As of the day before yesterday, 3/15/16 news arrived from Honduras that a second environmental activist, Nelson Garcia, has also been murdered.

    The few published reader COMMENTS on the plethora of wire news service reports since 3/3/16 would reflect little growing world interest in this story and/or in Honduras. My own multiple attempts in days after my original COMMENT of 3/8/16 was posted to MY COMMENTS account archive on YAHOONEWS without being posted publicly by AP, AFP, REUTERS and YAHOONEWS to get my COMMENT below entered into the limited PUBLIC DISCOURSE have been unsuccessful . This raises serious questions about suppression of public comments to perpetuate Washington’s enduring policy stance on REGIME CHANGE even as it conflicts with President Obama’s publicly stated condemnation of the overthrow of the Mel Zelaya headed government in 2009. REGIME CHANGE policies that were found objectionable to the U.S. body politic in the 2008 U.S. Presidential campaign where Barack Obama ran against the preceding Bush-Cheney purges of the U.S State Department in 2000 and against his Democratic rival then NY Senator Hillary Clinton who supported the Neo-Con State Department policies of Bush-Cheney war mongering planners VICTORIA NULAND and ROBERT KAGAN who were promoted by Secretary of State Clinton to her chief State Department advisors after the fiasco of Regime Changes in Afghanistan, Iraq, Libya and Yemen.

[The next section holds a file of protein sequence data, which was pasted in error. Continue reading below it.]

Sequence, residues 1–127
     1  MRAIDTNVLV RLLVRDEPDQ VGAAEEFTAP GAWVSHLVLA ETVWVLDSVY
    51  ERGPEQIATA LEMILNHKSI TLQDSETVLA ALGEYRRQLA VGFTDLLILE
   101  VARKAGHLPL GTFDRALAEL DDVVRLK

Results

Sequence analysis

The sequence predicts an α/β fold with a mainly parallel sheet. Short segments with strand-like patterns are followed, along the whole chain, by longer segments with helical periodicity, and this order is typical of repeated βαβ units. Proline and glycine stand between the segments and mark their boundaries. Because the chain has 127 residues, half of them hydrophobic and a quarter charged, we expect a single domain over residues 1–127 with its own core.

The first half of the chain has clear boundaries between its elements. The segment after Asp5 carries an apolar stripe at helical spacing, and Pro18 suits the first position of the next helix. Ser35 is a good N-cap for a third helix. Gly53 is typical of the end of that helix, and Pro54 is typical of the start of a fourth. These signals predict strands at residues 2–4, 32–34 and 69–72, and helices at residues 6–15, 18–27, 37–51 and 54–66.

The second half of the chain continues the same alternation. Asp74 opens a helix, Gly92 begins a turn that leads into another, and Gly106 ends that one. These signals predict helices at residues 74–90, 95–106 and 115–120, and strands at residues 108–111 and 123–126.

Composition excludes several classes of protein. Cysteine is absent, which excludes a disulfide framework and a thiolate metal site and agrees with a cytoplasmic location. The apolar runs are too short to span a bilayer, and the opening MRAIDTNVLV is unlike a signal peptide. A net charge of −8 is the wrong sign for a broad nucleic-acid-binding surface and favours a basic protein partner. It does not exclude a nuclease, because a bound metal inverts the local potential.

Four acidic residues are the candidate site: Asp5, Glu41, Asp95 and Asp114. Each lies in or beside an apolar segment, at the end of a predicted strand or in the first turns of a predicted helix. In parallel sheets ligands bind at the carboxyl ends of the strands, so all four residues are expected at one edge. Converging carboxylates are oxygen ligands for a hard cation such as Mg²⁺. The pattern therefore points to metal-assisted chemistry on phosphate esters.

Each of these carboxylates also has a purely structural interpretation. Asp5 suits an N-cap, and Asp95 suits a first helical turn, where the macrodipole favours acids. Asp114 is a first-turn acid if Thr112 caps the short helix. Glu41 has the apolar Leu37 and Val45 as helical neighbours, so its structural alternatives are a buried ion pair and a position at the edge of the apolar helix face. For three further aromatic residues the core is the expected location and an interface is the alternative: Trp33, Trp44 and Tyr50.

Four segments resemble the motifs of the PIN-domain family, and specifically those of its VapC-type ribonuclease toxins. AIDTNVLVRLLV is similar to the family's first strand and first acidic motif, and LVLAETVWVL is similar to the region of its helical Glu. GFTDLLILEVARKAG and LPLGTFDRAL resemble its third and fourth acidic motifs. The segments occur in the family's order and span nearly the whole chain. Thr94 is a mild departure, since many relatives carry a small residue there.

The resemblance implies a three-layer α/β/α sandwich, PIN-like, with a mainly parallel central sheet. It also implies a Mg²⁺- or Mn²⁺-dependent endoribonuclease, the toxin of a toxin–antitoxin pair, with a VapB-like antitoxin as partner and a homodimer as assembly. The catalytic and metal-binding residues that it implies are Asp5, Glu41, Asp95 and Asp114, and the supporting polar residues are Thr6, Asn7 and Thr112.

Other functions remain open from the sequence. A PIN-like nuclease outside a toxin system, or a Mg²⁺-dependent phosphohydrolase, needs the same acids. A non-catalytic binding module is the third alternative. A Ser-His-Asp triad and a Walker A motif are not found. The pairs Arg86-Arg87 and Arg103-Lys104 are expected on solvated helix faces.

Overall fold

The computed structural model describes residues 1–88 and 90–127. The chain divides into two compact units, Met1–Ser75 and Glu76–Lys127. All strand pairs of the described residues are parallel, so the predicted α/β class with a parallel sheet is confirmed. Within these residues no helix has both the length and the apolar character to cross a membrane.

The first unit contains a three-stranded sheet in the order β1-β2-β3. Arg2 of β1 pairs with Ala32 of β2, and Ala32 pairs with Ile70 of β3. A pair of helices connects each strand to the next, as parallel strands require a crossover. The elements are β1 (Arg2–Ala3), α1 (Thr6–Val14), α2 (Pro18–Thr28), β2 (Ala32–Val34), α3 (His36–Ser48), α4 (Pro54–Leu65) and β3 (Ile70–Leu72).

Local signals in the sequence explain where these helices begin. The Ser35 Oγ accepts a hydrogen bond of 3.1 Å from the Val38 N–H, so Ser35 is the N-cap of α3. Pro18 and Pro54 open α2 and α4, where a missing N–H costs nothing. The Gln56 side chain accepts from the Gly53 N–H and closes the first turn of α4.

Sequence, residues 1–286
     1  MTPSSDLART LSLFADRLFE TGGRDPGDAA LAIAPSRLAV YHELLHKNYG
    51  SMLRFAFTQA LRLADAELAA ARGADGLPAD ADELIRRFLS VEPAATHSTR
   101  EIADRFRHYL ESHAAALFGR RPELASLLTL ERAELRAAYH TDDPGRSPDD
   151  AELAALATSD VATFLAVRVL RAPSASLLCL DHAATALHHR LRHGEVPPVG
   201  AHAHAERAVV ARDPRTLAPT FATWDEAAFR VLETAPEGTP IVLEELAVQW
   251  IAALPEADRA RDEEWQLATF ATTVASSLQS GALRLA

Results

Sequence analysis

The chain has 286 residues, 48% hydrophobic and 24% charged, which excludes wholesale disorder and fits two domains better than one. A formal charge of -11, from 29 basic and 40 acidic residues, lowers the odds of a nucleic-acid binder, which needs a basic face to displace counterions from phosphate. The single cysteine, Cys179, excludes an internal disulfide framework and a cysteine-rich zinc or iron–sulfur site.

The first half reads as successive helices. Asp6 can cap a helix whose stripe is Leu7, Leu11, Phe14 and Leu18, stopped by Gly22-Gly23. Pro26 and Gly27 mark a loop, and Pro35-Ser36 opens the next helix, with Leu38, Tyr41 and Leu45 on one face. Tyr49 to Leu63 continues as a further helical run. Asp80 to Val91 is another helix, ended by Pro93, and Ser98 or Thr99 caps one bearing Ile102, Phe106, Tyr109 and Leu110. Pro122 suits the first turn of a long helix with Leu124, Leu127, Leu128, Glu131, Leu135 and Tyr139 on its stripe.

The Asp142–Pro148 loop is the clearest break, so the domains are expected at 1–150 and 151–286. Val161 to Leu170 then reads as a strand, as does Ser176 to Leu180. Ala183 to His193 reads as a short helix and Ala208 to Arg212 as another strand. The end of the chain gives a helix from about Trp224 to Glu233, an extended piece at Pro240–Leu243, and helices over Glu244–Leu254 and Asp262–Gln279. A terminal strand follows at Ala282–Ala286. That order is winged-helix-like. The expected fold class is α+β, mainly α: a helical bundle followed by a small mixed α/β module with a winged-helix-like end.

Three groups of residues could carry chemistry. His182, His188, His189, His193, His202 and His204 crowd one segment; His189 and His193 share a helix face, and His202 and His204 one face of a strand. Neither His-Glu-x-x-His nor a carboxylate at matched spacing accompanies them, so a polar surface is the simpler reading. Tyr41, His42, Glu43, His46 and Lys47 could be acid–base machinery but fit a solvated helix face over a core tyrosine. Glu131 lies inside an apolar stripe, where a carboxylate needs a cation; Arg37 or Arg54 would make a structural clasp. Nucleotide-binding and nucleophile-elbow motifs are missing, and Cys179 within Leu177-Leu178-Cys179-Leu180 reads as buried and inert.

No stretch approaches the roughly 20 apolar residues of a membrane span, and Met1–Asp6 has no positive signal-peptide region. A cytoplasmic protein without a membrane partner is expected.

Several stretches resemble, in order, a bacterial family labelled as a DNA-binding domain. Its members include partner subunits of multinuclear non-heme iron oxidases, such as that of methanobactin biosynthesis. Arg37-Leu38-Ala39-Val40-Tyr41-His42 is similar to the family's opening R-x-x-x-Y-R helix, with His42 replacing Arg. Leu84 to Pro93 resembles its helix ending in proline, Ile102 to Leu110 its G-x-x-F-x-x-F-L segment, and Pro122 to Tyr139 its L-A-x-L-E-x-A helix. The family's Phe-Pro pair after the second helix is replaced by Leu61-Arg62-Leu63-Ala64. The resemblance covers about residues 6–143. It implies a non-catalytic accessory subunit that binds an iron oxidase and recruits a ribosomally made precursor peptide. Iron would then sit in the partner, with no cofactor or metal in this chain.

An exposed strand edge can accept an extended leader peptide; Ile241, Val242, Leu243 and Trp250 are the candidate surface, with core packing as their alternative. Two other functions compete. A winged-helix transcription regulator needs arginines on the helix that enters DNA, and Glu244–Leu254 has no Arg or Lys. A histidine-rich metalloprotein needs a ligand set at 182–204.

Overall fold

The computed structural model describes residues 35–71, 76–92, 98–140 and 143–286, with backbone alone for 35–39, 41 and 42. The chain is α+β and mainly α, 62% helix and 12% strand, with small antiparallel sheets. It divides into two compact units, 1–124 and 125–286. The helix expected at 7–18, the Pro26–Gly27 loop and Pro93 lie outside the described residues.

Yet HILLARY CLINTON’s autobiography brags about supporting this HONDURAN REGIME CHANGE back in 2009. I suspect AFP’s world-wide readers have also attempted to weigh in on the killing of this GOLDMAN ENVIRONMENTAL AWARD winner, BERTA CACERES (PRESENTE). YAHOONEWS has yet to post a report on the follow-up murder of the beloved Berta Caceres fellow Honduran environmental activist Nelson Garcia.

    Note how little coverage either the 2009 military coup backed by Secretary of State Hillary Clinton and perpetuating Washington’s policies in HONDURAS dating back to at least the IRAN-CONTRA era where the CIA build-up to fight the illegal Contra War against the post-Somoza Dictatorship government of Nicaragua gave the tiny Central American nation the nick-name of the USS HONDURAS.

    However we need to look further back to the 1970’s Nixon-declared WAR ON DRUGS era where historical accounting of policy outcomes fails to gain any traction in U.S. media coverage. Even during presidential election season where television questions to candidates on foreign policy and record in office issues struggles to keep pace with the superficial quest to see who can eject Donald Trump from the island.